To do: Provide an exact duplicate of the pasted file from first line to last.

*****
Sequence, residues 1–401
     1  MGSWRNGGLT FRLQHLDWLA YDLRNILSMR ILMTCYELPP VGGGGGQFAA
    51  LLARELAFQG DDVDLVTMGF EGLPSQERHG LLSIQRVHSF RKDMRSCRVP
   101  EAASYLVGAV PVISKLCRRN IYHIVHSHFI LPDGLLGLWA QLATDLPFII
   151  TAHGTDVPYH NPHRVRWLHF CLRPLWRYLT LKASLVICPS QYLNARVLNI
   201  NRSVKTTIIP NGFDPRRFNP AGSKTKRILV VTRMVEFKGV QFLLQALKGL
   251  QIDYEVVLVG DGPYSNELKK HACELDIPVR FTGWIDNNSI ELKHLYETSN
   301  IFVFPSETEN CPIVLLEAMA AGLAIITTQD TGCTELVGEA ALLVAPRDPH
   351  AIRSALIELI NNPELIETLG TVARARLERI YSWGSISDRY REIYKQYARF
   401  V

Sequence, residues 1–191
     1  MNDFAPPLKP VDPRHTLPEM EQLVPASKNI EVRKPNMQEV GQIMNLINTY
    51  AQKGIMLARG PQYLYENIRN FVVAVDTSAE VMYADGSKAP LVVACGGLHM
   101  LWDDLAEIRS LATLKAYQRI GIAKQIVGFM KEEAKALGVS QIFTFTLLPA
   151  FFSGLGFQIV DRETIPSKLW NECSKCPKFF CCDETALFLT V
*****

Sequence, residues 1–401
     1  MGSWRNGGLT FRLQHLDWLA YDLRNILSMR ILMTCYELPP VGGGGGQFAA
    51  LLARELAFQG DDVDLVTMGF EGLPSQERHG LLSIQRVHSF RKDMRSCRVP
   101  EAASYLVGAV PVISKLCRRN IYHIVHSHFI LPDGLLGLWA QLATDLPFII
   151  TAHGTDVPYH NPHRVRWLHF CLRPLWRYLT LKASLVICPS QYLNARVLNI
   201  NRSVKTTIIP NGFDPRRFNP AGSKTKRILV VTRMVEFKGV QFLLQALKGL
   251  QIDYEVVLVG DGPYSNELKK HACELDIPVR FTGWIDNNSI ELKHLYETSN
   301  IFVFPSETEN CPIVLLEAMA AGLAIITTQD TGCTELVGEA ALLVAPRDPH
   351  AIRSALIELI NNPELIETLG TVARARLERI YSWGSISDRY REIYKQYARF
   401  V

Sequence, residues 1–191
     1  MNDFAPPLKP VDPRHTLPEM EQLVPASKNI EVRKPNMQEV GQIMNLINTY
    51  AQKGIMLARG PQYLYENIRN FVVAVDTSAE VMYADGSKAP LVVACGGLHM
   101  LWDDLAEIRS LATLKAYQRI GIAKQIVGFM KEEAKALGVS QIFTFTLLPA
   151  FFSGLGFQIV DRETIPSKLW NECSKCPKFF CCDETALFLT V